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Super-hero Sedum Autumn Joy

Autumn Joy Sedum, ground cover perennials

There are a very few perennials that can be used successfully in a commercial landscape setting, and Sedum spectabile ‘Autumn Joy’ is one of them. The current botanical name is listed as Hylotelephium telephium, but have never seen it used in the trade. Sedum x ‘Autumn Joy’ will do just fine, unless you are a botanist. Autumn Joy Sedum can perform almost as well as any woody ornamental ground cover. The reason it is successful is because it transforms every season.

Every seasonal change for this plant provides a new, interesting chapter. In early spring it sprouts lots of tiny rose-like, blue-green, succulent foliage buds. The bud phase is the one time of the year when substantial maintenance is required. It’s a heads up for you to clip back the dry, spent stems from the previous year. The old flower stems are left until early spring, because they are hollow. If cut in winter, they might funnel too much moisture into the root crown. Buds emerge almost as early as Crocus bloom. The tight formation allows the plant to withstand some late frosts.

By late spring, the foliage has formed into a neat, tight, refined, Martha-Stewart-green mound. The succulent foliage is fun to touch. It has drought tolerance, and established plants do not need supplemental water during dry spells. There is no need to stake the heavy branches as the mound increases in size. The stems are quite sturdy and hold up well, unless it is an especially rainy growing season. Most herbaceous plants with large flower heads don’t stand on their own. Bravo, Autumn Joy!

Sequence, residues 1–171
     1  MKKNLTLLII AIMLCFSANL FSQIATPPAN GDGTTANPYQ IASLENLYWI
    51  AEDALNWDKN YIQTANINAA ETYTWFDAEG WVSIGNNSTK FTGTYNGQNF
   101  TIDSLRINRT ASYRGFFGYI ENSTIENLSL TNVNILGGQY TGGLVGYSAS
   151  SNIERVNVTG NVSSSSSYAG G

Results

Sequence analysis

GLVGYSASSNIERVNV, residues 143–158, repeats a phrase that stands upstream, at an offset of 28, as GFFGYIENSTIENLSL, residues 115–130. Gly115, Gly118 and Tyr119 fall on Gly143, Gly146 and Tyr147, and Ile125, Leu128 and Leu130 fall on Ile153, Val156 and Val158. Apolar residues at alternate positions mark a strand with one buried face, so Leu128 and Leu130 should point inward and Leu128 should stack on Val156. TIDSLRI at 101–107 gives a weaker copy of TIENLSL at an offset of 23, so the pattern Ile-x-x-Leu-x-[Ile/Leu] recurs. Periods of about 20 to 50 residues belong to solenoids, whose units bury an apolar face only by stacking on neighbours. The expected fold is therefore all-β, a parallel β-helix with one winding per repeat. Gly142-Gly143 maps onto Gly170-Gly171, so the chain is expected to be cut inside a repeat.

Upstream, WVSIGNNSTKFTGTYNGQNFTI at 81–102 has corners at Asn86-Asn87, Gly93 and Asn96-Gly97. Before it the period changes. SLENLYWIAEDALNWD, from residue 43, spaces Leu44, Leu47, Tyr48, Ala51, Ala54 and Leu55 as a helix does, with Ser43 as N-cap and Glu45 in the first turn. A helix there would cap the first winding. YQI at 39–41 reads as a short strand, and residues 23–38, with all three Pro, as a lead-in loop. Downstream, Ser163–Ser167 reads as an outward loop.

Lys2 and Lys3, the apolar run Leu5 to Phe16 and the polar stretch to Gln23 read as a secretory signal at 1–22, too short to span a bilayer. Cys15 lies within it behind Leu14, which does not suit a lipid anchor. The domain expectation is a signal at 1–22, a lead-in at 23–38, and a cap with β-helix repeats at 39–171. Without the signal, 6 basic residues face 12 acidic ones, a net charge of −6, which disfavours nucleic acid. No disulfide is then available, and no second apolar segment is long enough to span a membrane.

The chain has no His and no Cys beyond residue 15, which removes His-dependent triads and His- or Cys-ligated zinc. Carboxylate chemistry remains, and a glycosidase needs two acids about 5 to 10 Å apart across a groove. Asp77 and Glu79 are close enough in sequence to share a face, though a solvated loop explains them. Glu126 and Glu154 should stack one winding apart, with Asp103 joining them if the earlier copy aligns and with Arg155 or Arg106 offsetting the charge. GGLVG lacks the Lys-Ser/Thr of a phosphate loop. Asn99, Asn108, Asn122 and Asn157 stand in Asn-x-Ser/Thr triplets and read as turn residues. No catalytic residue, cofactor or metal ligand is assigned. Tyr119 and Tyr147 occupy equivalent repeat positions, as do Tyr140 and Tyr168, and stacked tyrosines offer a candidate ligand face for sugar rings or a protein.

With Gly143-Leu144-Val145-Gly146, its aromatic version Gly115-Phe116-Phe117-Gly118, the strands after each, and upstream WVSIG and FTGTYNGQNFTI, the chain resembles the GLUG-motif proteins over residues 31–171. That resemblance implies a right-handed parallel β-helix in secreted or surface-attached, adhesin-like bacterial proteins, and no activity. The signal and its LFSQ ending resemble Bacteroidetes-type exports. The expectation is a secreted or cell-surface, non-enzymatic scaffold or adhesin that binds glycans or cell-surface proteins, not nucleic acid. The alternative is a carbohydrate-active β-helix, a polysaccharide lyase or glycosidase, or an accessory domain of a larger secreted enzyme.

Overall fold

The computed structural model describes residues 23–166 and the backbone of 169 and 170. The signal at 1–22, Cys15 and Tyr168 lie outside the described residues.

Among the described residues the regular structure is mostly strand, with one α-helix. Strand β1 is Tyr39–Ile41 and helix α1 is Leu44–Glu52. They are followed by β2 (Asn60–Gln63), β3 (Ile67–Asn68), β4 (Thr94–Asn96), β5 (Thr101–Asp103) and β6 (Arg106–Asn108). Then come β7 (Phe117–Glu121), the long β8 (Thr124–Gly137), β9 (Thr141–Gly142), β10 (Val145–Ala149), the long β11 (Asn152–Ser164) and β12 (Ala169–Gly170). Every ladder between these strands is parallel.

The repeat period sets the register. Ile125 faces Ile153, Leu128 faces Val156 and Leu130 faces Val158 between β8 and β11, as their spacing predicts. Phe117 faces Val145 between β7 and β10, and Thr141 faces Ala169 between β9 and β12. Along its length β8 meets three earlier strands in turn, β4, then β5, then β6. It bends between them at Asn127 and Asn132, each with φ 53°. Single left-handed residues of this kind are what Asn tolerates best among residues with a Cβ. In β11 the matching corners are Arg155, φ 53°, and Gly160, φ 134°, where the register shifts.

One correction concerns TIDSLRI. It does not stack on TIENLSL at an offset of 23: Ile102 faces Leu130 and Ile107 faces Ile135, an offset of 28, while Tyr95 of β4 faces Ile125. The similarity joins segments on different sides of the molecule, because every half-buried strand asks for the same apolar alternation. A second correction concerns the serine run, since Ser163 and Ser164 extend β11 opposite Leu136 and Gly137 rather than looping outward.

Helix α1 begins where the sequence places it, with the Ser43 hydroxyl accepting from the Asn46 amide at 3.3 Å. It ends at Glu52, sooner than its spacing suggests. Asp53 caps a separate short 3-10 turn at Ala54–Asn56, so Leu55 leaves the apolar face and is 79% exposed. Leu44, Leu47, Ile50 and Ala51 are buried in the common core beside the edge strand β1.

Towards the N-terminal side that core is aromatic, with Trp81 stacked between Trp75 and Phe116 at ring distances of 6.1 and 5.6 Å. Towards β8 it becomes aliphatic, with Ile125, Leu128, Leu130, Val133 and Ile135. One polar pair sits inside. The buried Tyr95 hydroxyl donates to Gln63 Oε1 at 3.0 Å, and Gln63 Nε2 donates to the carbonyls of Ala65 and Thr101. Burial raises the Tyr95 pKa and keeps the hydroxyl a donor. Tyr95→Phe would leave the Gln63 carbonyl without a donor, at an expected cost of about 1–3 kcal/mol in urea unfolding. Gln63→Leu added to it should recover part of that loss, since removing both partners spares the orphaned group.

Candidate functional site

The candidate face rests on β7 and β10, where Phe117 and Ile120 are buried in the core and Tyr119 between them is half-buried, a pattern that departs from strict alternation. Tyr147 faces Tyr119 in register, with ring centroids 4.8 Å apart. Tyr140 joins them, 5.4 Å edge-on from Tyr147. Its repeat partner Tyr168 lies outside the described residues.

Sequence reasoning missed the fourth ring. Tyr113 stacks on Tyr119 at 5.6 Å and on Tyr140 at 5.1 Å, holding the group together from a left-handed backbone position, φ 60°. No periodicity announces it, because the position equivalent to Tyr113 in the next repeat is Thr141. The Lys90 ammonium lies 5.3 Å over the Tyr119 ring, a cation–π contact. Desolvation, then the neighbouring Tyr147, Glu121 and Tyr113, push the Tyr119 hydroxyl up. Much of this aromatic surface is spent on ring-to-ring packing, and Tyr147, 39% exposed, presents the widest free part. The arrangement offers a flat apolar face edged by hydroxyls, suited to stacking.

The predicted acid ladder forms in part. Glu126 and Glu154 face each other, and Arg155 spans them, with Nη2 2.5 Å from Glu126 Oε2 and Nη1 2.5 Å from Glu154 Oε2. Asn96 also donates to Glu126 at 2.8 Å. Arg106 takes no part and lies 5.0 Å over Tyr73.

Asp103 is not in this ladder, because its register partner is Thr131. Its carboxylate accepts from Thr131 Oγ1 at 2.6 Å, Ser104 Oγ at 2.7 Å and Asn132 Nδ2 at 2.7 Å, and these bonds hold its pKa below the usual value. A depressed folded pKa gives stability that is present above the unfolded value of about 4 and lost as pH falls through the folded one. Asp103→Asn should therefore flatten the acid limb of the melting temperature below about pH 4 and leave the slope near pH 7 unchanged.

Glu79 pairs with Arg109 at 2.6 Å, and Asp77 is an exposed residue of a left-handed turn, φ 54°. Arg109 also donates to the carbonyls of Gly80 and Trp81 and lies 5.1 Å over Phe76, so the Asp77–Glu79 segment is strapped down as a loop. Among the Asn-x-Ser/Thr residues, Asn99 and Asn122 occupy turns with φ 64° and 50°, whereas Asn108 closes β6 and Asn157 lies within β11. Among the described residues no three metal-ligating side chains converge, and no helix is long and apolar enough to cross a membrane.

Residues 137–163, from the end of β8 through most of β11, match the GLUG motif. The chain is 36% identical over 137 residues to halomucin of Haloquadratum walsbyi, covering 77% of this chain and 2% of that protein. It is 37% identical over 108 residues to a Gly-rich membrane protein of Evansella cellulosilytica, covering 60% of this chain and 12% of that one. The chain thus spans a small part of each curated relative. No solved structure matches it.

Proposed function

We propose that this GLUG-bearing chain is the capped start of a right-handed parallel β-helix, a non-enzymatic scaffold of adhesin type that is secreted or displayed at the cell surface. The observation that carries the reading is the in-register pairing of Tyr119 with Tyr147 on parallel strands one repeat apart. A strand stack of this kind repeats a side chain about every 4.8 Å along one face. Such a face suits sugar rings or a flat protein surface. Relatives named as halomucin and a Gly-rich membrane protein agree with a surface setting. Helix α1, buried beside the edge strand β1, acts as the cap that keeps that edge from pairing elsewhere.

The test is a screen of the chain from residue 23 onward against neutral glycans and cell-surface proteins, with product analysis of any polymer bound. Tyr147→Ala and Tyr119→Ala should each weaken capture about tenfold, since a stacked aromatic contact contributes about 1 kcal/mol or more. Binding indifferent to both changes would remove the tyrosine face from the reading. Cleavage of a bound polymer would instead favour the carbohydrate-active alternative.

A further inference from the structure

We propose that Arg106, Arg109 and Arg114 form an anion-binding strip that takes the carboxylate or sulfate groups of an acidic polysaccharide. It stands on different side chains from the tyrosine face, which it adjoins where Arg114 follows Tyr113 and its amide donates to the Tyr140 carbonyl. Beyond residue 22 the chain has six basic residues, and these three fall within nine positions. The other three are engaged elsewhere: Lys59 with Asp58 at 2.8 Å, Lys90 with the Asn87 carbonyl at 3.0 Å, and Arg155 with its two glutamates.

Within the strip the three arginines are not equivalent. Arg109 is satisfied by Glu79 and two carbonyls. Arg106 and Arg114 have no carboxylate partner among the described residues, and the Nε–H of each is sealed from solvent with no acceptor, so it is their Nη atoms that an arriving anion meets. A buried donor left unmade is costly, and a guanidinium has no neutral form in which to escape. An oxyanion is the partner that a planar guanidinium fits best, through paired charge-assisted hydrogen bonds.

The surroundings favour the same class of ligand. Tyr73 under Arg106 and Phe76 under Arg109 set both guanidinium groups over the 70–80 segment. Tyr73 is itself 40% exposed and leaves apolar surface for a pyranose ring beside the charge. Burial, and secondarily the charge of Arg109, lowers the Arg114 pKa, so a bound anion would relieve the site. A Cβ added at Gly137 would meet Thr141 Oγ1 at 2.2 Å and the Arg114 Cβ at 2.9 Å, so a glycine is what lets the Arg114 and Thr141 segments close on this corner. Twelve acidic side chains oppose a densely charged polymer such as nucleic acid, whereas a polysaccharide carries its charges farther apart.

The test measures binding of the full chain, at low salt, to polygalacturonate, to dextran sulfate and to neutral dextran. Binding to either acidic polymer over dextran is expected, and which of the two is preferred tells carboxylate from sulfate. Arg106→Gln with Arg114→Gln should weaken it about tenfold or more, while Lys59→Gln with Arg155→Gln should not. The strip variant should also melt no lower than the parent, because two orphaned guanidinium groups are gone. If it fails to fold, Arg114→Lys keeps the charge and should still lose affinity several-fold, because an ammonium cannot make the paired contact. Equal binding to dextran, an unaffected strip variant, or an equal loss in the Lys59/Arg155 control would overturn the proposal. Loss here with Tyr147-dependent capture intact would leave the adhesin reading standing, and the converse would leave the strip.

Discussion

sedum autumn joy new blooms

Whitish flower florets start to form in early summer toward the tips of the stems. Autumn Joy takes on a broccoli-like appearance. As the individual flowers ripen over several weeks, they turn deepening shades of mauve-pink. The pinkish-orange mature flower color contrasts nicely with the blue foliage. Eventually the profuse flower heads shoot up and float above the foliage. Despite all the changes, the individual plants still retain a compact, dense form. But wait, there’s more!

sedum autumn joy blooms

After the first heavy frost, the blooms burn to an orange-brown and begin to dry out. The succulent foliage shrinks, falls away, or disintegrates. The remaining flowers at the end of the brown stems look especially nice under snow. You can leave the dried stalks and blooms in place for winter interest. The lingering debris begins to blacken and look a bit messy just about the time new buds begin to form to start another year. The crowned, flat clusters of the dried blooms are attractive in a wintry way when nothing else is showy.

sedum autumn joy after frost

Autumn Joy Showy Stonecrop is definitely the super hero of the perennial world. You can try other cultivars of the species, but they will not have the reliable vigor of Autumn Joy. You can try one of the many different species of Stonecrop, but they will not have the visual impact of Autumn Joy. There is no off-season for Autumn Joy.

Using Perennials as Ground Covers